Jews in Tunisia were told to say nothing about an incident on the island of Djerba last week where 1,500 Jews still live. A gang of youths disrupted a wedding celebration and attacked guests. For Jews in Arab lands, it's the same old story: the police failed to intervene, or even encouraged the youths, writes M Cohen in the JForum newsletter. He calls for France to ease Jewish immigration from Tunisia:
While the Jewish community in Tunisia is trying to survive as best it might, the collapse of institutions and the establishment of a new regime has led to improvisation and amateurism. The new leaders are lax and inexperienced, leaving the field open to gangs of thugs who commit assaults with impunity without fear of the law being enforced.
In this context on Monday evening, July 4, 2011, while the Jewish community of Djerba was celebrating a wedding, as is the custom, for seven days under an open-air gazebo, a group of youths asked to drink and eat. It is usual to take them to a corner away from the guests and offer them some food, in order to show hospitality.
This time, matters escalated into violence and the gang of thugs went on a rampage and physically assaulted the guests. Arab neighbors responded well by lending a hand to members of the community.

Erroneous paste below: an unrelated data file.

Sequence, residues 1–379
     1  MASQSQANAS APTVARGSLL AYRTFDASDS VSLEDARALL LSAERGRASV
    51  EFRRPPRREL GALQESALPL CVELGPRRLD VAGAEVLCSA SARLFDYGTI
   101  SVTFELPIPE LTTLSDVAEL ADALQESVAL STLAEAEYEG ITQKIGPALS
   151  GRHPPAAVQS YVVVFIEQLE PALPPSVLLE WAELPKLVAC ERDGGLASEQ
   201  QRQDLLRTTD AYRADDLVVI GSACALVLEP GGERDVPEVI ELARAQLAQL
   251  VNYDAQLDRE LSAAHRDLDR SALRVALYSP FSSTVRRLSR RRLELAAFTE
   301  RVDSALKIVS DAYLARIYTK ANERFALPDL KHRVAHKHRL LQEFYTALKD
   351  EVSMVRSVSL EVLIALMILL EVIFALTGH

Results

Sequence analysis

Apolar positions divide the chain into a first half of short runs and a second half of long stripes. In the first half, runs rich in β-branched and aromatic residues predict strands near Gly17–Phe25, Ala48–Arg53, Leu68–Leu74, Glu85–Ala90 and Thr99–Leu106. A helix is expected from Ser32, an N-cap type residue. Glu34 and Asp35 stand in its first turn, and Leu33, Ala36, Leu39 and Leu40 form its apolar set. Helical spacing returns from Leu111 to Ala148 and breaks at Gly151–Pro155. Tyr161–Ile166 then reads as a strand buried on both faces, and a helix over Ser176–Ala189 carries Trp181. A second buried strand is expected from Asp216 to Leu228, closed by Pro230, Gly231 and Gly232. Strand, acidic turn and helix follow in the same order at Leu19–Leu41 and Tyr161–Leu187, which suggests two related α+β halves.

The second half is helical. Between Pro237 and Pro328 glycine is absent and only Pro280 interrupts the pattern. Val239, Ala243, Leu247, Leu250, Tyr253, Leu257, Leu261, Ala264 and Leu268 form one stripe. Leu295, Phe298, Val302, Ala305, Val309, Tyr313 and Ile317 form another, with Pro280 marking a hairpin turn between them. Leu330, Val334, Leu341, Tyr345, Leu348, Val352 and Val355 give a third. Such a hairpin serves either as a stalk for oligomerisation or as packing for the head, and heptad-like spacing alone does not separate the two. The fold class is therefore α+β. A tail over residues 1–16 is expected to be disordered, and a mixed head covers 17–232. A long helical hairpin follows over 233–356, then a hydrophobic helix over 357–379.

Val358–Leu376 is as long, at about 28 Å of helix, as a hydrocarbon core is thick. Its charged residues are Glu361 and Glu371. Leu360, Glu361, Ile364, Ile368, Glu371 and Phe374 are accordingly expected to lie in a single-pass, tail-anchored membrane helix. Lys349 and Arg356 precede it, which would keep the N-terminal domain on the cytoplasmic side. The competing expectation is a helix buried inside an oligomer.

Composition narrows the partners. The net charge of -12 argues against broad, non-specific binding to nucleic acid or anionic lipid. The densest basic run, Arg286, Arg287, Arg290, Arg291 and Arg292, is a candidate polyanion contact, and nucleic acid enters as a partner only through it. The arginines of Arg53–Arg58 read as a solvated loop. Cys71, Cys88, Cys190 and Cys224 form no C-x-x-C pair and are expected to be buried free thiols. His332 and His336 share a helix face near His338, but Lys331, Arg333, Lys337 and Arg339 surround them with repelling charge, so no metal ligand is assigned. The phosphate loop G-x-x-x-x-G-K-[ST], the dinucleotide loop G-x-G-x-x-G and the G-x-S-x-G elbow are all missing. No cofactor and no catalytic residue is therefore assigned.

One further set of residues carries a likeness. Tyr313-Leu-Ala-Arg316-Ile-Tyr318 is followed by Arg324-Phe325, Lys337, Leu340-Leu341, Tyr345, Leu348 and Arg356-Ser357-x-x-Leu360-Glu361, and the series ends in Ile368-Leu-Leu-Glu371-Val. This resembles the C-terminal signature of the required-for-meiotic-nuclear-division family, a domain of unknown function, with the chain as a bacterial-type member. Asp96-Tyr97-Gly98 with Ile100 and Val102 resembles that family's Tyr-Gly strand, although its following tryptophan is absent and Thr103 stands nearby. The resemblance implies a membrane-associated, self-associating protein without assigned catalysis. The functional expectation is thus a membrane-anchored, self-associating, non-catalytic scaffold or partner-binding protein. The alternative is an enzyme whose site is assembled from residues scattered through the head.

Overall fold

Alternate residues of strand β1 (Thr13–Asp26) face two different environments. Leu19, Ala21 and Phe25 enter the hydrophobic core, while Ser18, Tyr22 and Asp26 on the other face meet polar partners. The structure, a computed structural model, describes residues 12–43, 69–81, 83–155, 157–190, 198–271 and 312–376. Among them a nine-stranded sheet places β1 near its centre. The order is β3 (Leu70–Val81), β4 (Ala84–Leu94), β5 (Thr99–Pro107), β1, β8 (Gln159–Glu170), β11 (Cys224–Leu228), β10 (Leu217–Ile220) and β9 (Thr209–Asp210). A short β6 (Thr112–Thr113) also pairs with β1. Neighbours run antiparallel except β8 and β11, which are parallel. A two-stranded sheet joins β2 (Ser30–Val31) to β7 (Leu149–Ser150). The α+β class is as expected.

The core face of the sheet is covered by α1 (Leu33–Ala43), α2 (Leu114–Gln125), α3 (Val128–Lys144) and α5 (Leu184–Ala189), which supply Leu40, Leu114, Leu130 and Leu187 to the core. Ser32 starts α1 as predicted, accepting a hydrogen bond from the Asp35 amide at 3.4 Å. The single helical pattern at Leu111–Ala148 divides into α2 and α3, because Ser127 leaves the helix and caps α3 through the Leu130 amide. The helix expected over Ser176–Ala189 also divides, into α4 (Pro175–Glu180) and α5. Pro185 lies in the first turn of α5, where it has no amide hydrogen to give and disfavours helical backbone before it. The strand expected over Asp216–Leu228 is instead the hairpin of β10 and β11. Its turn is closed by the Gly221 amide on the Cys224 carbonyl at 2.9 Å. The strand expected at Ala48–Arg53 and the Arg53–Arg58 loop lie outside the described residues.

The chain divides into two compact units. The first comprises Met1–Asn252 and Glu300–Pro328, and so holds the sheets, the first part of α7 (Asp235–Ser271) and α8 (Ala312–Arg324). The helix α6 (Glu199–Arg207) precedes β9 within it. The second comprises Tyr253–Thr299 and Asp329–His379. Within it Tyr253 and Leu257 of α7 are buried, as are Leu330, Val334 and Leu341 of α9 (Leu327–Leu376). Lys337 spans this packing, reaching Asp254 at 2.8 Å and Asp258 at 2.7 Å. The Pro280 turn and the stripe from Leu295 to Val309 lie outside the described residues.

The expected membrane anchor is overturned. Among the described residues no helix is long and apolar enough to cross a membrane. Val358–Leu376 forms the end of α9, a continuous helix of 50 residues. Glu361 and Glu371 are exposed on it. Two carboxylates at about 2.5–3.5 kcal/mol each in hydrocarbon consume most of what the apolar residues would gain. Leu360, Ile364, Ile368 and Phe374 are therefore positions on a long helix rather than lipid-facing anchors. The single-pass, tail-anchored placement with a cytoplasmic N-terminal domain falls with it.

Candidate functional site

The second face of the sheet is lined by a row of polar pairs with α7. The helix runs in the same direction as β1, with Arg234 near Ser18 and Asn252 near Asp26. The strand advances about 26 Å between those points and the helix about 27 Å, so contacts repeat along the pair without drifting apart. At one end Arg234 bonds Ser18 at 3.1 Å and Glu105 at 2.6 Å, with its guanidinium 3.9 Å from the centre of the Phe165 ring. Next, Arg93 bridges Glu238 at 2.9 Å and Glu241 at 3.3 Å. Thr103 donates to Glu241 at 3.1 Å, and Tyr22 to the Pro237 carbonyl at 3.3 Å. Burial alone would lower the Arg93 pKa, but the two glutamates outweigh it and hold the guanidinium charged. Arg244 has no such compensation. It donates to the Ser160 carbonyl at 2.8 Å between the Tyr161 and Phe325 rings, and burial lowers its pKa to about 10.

But the next day, while the party continued, the same gang returned in even larger numbers to disrupt the evening. At no time did the local police intervene. The local governor failed at every level in his lack of experience and inability to handle the situation. Devoid of any authority over his troops, he was unable or unwilling to restore order, leaving the Jewish community at the mercy of the thugs. Not only did the local police fail to intervene against the aggressors but they showed understanding towards them and even some sympathy and encouragement.
Alerted to the incident, the Chief Rabbi Rabbi of Tunisia Haim Bittan called for an emergency audience with the new President of the Republic of Tunisia Fouad Mebazaa on Wednesday 6 July, asking him to intervene at once. The President sent troops to restore order in the Jewish quarter.
The incident passed unnoticed as people busied themselves with the Gaza-bound flotilla, but they show how unstable things are in Tunisia. (...) The fundamentalist and progressive anti-Zionist alliance may disturb what remains of Jewish life in Tunisia. The leaders of the Jewish community were asked not to reveal the incident so that the new government is not accused of antisemitism.
A number of mosques are now run by fundamentalist imams and the synagogue in Tunis, undisturbed before the revolution, is now surrounded by barbed wire.